Articulation refers to the clarity of a child’s speech and their ability to produce sounds correctly. Common articulation problems involve:
- Substituting one sound for another (e.g. saying ‘fum’ instead of ‘thumb’ or ‘tar’ instead of ‘car’)
- Only producing parts of a word rather than the whole word when speaking (e.g. saying ‘seet’ instead of ‘sweet’ or ‘ba’ instead of ‘back’)
There is a link between speech sound production and literacy development in school aged children, as children who have difficulty articulating sounds correctly are at a higher risk of having coexisting problems with their literacy development.
Receptive language refers to a person’s ability to understand language. Children with receptive language difficulties can find it hard to follow instructions, understand questions and/or comprehend information presented both in the oral and written forms. Receptive language difficulties can impact on a child’s ability to interact effectively in the home, school and social environments.
The phrase expressive language comprises all the skills a person needs in order to convey their message accurately to others. Expressive language is an important aspect of communication, both in the written and spoken forms, and includes the use of grammar, vocabulary and sentence structures.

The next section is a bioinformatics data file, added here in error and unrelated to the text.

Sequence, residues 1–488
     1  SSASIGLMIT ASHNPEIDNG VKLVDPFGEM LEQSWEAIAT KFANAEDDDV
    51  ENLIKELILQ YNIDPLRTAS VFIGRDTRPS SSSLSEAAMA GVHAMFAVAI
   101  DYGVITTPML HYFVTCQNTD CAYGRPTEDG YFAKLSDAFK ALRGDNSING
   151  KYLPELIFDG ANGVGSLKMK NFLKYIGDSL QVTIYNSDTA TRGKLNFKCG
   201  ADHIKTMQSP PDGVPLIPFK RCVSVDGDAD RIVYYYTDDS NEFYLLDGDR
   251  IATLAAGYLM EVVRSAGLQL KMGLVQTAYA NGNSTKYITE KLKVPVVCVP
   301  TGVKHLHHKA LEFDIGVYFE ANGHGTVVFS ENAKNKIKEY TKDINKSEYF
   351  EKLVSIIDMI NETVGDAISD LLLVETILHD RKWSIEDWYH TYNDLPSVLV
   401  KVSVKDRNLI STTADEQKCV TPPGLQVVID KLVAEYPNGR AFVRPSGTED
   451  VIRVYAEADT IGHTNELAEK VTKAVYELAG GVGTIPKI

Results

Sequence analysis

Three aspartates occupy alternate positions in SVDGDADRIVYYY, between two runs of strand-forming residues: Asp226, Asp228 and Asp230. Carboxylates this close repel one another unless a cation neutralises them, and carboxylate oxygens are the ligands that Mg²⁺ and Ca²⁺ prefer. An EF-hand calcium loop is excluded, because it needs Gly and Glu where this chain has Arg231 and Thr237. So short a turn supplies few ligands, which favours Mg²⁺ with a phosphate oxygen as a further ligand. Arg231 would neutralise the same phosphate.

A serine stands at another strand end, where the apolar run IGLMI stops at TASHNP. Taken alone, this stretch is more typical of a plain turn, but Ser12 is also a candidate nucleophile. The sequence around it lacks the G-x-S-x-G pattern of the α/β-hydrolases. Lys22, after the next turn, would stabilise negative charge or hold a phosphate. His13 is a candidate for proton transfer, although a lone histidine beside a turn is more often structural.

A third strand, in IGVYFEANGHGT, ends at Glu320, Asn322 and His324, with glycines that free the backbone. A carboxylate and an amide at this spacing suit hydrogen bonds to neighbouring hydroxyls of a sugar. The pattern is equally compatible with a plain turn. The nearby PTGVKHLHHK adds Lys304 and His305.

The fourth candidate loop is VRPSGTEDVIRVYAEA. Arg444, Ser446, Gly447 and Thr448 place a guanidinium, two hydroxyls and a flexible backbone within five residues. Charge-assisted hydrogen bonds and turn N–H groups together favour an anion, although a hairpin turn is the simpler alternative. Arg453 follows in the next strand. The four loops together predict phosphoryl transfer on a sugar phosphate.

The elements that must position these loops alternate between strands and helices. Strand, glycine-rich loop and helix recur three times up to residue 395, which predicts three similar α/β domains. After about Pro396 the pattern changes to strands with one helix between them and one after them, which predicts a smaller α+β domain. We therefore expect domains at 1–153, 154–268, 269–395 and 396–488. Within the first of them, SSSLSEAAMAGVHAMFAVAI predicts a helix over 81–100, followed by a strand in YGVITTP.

Stuttering is a motor planning problem which is seen frequently in young children. Stutters present themselves in a number of different ways. They can involve the repetition of the initial sounds in words, repetition of whole words or phrases and/or ‘blocks’ in between words, where the child struggles to produce the target word. Although stutters that are seen in young children may resolve naturally, it is important to seek advice from a speech pathologist as early as possible. A stutter that goes untreated may become more difficult to correct as the child gets older.
Literacy is defined as being ‘the ability to read and write.’ It involves the acquisition and understanding of letter-sound relationships, sight word recognition, knowing how to sound out words for both reading and spelling, and realising when a word has been misread or misspelled. Reading comprehension (or reading for meaning) is also an important aspect of literacy development, as comprehension is a vital part of all learning.
Pragmatics are social skills. These skills include the appropriate use of eye contact and turn taking, as well as how appropriately a child uses their language in the social environment to converse with others and solve problems effectively. This area of a child’s development includes the specific skills required to have a conversation, such as initiating/entering a conversation, maintaining a topic, switching between topics appropriately and taking turns to speak. Social skills also include the ability to recognise subtle cues such as facial expressions and body language. Effective pragmatic skills are essential to help children play with others, make friends and behave appropriately in various social settings.